Better late than never! This episode goes through the first half of the year (ish) and how different stock markets around the world have performed.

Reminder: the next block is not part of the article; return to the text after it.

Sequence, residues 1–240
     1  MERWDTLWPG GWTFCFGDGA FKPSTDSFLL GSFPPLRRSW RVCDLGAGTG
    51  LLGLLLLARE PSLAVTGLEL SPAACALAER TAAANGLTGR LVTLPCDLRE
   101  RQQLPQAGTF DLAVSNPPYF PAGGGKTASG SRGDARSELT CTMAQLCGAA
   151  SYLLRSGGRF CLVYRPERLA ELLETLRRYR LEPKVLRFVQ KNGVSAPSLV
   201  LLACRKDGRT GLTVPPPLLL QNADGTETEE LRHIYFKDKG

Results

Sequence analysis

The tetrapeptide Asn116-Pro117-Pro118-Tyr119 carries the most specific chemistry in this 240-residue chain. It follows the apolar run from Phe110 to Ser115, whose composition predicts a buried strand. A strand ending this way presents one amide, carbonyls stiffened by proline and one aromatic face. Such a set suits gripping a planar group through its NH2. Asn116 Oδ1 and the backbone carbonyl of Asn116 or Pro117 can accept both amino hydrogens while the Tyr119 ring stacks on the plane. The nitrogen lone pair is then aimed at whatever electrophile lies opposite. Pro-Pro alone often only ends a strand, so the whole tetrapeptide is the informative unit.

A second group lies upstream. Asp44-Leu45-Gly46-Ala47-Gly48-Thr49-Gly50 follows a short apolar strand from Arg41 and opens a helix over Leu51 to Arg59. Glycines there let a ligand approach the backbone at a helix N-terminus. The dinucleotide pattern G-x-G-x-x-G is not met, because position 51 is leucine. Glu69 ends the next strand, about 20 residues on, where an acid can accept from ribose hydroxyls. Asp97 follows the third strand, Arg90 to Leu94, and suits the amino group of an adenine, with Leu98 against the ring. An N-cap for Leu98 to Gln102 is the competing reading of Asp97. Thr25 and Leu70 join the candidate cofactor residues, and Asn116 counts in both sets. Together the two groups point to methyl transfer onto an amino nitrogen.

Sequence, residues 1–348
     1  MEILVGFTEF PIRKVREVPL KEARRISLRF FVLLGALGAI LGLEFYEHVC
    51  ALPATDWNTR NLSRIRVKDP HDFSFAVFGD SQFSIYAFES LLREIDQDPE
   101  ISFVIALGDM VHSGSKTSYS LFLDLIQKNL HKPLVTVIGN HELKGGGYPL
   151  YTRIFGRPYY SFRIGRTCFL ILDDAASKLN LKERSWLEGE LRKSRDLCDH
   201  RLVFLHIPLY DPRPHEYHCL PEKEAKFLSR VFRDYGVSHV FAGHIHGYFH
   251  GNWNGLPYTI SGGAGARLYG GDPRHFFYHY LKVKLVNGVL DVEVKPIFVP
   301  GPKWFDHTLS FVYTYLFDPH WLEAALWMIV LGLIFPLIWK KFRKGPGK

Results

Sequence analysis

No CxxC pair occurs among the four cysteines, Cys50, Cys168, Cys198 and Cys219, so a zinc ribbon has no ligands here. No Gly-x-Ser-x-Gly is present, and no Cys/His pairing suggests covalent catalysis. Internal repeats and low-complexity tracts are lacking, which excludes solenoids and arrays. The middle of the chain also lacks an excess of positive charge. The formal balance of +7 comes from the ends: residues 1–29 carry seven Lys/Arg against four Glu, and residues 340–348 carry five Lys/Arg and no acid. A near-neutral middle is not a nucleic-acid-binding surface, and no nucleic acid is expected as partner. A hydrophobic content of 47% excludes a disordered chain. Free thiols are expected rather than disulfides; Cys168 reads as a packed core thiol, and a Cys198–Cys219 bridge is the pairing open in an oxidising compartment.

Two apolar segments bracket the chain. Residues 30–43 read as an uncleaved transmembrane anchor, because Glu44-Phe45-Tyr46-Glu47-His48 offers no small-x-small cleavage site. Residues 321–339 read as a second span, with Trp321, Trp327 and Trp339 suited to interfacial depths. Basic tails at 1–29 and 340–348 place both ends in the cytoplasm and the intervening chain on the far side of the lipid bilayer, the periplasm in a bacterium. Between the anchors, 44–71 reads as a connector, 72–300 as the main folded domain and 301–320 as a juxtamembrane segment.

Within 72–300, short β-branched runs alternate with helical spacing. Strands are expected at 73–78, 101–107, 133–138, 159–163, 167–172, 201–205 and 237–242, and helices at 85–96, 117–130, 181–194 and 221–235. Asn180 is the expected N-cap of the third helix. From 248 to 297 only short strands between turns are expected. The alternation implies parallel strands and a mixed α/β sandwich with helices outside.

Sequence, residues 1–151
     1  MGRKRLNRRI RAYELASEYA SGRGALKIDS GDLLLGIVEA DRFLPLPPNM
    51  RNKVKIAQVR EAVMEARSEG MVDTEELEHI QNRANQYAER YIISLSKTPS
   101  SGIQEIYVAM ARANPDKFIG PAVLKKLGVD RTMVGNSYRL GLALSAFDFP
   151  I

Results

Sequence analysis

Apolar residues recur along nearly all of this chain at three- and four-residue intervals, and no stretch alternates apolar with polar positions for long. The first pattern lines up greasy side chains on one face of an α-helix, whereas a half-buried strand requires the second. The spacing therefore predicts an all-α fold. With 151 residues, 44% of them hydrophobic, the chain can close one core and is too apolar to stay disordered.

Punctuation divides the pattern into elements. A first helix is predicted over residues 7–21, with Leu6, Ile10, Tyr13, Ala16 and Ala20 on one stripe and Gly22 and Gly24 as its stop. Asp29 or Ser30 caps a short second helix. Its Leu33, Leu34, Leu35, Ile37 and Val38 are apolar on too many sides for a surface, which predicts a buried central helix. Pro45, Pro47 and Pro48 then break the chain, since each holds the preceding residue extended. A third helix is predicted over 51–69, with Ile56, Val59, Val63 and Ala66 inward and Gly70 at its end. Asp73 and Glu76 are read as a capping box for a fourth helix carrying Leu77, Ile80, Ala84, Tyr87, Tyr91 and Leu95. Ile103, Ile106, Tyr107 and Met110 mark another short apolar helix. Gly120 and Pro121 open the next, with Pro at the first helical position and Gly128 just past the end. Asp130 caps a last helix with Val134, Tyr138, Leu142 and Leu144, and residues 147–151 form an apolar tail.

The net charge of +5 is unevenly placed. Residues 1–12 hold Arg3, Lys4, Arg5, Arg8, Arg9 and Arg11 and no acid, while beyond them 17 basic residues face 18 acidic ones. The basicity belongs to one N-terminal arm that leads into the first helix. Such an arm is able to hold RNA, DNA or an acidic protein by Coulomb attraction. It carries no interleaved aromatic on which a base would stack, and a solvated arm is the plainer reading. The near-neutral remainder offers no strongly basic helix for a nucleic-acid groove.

Next I explain why a viral TikTok video is completely wrong about income taxes.
And finally, why Beyoncé could be a culprit for causing inflation in Sweden.